Sir Leaksalot. 27/3-3/4/2011

Posted: April 3, 2011 in Oz

I’m in constant amazement at just how much stuff can leak on a Land Rover. The day before yesterday I mentioned to Megan that we had five separate leaks going on, the only thing that wasn’t leaking out, I stupidly said, was water. The next day the radiator top hose started leaking. It’s got to the stage that if I come out and there isn’t a mixture of engine oil, gear/transfer box oil, diesel and now, water under the car then something must be wrong. If it’s not leaking then it’s empty, is the attitude I’ve now taken. I paint a bleak picture; the truth is Harriet is doing rather well considering she has 260, 000 miles on the clock and we have just driven 2000kms in the last seven days.

It was a monster drive across the Nullarbor, a large unpopulated area of bush in south Australia. The only thing that broke up three days of constant driving was the occasional road kill and petrol stations charging prices that made me finally understand how BP makes millions in profit each year, even after polluting the entire east coast of North America. We filled everything up with fuel before we left civilization, including jerry cans, empty bottles of coke and a hot water bottle, as we had been warned about the fuel prices in the outback. We drove at pain staking 50mph in order to get the most from every last drop of diesel. We actually managed over 800 miles before having to fill up, a new record, although we might have cut it a little fine as we rolled into the petrol station running on fumes. There was a little bit of quiet time for ten miles or so before, as the tension in the car reached breaking point.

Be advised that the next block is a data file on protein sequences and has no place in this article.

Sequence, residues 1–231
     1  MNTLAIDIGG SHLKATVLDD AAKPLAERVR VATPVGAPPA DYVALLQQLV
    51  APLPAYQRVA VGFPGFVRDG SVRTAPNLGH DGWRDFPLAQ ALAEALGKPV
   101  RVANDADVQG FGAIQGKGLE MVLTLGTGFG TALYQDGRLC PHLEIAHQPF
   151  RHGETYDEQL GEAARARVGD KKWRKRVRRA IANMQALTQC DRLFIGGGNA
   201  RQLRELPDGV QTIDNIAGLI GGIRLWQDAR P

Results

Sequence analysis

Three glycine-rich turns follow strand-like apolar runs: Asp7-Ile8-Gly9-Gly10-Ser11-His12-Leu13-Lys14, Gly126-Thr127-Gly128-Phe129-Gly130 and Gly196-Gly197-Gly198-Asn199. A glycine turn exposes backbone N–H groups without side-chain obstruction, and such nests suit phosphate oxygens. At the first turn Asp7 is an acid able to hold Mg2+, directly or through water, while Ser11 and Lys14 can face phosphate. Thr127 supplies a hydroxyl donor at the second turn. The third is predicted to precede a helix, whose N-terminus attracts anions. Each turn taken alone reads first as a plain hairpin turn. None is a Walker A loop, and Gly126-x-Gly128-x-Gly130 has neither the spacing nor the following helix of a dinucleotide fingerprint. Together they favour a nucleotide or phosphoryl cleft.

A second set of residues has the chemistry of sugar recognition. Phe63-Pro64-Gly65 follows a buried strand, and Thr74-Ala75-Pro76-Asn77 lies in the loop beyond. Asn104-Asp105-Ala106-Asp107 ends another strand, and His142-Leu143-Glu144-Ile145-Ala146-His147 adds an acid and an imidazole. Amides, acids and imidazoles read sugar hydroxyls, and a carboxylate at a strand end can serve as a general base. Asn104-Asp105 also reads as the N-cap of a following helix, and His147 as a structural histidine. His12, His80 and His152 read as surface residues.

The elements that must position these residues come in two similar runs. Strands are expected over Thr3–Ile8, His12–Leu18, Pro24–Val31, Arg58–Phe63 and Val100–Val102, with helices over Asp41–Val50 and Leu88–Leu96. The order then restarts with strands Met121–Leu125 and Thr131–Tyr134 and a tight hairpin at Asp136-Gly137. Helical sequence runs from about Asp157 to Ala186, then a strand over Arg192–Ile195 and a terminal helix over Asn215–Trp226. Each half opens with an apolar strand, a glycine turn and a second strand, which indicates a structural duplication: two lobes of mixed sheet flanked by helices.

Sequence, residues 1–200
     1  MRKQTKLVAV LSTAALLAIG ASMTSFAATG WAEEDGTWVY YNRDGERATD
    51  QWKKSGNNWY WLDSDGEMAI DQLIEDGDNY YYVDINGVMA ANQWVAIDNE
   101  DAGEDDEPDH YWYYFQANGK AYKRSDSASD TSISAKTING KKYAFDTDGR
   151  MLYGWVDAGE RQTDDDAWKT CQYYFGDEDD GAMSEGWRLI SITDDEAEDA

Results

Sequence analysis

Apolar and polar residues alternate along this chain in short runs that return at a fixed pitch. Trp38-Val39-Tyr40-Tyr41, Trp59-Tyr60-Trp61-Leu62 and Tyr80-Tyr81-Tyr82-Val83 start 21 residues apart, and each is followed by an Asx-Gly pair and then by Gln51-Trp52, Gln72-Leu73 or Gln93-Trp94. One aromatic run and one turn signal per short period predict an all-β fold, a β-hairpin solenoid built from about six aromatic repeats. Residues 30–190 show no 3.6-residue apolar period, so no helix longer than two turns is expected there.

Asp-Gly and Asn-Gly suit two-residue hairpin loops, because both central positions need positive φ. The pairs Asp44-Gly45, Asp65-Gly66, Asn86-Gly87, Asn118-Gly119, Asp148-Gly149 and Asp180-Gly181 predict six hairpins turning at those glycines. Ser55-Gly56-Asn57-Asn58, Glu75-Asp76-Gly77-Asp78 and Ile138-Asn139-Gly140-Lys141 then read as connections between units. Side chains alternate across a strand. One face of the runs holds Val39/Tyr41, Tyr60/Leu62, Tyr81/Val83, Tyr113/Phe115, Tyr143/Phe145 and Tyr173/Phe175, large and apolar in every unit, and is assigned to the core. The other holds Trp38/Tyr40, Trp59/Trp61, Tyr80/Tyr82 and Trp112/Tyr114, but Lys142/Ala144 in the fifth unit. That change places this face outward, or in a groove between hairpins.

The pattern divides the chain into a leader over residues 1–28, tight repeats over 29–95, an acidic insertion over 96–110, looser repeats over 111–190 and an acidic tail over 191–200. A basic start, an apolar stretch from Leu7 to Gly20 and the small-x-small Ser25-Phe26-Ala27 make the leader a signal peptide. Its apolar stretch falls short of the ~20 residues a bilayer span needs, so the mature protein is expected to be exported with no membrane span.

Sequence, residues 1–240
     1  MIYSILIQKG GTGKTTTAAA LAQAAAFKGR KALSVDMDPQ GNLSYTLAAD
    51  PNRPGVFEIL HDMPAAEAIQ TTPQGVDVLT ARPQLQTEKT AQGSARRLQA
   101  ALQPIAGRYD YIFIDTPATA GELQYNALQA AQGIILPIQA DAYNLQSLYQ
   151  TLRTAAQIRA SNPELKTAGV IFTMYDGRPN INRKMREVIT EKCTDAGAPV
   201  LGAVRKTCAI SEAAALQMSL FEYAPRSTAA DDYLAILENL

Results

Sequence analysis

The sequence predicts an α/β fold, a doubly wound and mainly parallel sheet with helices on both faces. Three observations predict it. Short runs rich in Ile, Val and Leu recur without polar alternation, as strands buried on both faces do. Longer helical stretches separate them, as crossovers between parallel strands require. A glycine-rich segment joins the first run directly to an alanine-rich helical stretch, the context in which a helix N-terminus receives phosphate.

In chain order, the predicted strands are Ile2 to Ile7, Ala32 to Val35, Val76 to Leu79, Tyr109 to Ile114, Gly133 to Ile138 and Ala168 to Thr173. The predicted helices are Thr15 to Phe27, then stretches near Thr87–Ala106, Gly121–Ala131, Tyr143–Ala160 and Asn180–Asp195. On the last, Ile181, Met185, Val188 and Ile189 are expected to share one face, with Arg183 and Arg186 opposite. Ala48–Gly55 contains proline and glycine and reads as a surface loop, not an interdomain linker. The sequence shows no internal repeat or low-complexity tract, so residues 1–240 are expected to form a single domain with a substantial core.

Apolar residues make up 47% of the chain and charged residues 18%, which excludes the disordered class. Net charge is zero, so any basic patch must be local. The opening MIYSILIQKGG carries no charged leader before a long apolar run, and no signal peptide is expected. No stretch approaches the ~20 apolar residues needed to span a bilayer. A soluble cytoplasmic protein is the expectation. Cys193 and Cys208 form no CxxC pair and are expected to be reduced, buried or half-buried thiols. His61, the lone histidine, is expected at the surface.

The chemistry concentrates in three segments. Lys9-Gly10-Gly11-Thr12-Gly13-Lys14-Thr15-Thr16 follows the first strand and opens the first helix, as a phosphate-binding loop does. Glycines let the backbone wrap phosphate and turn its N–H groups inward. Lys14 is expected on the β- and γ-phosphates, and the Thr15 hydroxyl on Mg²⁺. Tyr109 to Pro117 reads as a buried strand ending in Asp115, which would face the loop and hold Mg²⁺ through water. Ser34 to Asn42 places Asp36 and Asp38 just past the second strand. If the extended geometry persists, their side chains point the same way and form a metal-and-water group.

We also drove on Australia’s longest bit of straight road, putting a tick next to one of my life long ambitions (it’s on everyone’s list isn’t it?). To be fair though, you can’t physically drive a Land Rover in a straight line, as they tend to ‘wander’, and mine has a tendency to wander into on coming traffic as soon as it senses another car is coming, so it wasn’t as boring as it might have been in a newer car.

The road-trains are worth a mention too, as they are @$%& huge; 36 meters tends to be the average length. As they overtake you, (oh yes, they overtake!) at about 70mph, it has the same effect of the car being punched in the side by a wrecking ball, great fun.

We made it across the Nullarbor, camping in the truck stops and finally crossed into South Australia about four days ago. There is a border crossing as well, (we thought we had finished with them) but to be fair it’s only to check you aren’t carrying any fruit or veg across the state lines. This is meant to stop the spread of the fruit fly in Oz, they weren’t too bothered about the four kilos of Columbia’s finest in the back. (Have I made that joke before? so many blogs…)

We are now making our way down and around the Eyre Peninsular, stopping at lovely little campsites on the coast and watching with envy as the locals fish for fresh fish for their tea. Apparently I’m not a real man because I can’t fish, but I pointed out to my accuser that she wasn’t a real woman because she can’t crochet, a weak argument I know, but as it hasn’t been brought up again I must have touched a nerve. When the budget comes down a bit after all the fuel costs accrued over the last week we shall treat ourselves to some fresh fish.

We are  heading up to Flinders Ranges and then off to Adelaide. Anyone wishing to meet up with us should just follow the trail of oil, water and diesel left on the road behind us….

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Comments
  1. Graham Taylor says:

    Sig, those waves look pretty decent dude. You should have got in for a wave, although the seals put me off as they mean sharks! Just trying to convince Emma to sell her engagement ring so we can grab a couple of flights and join you! Don’t think it’s gonna work though.

    Take it easy.
    Graham

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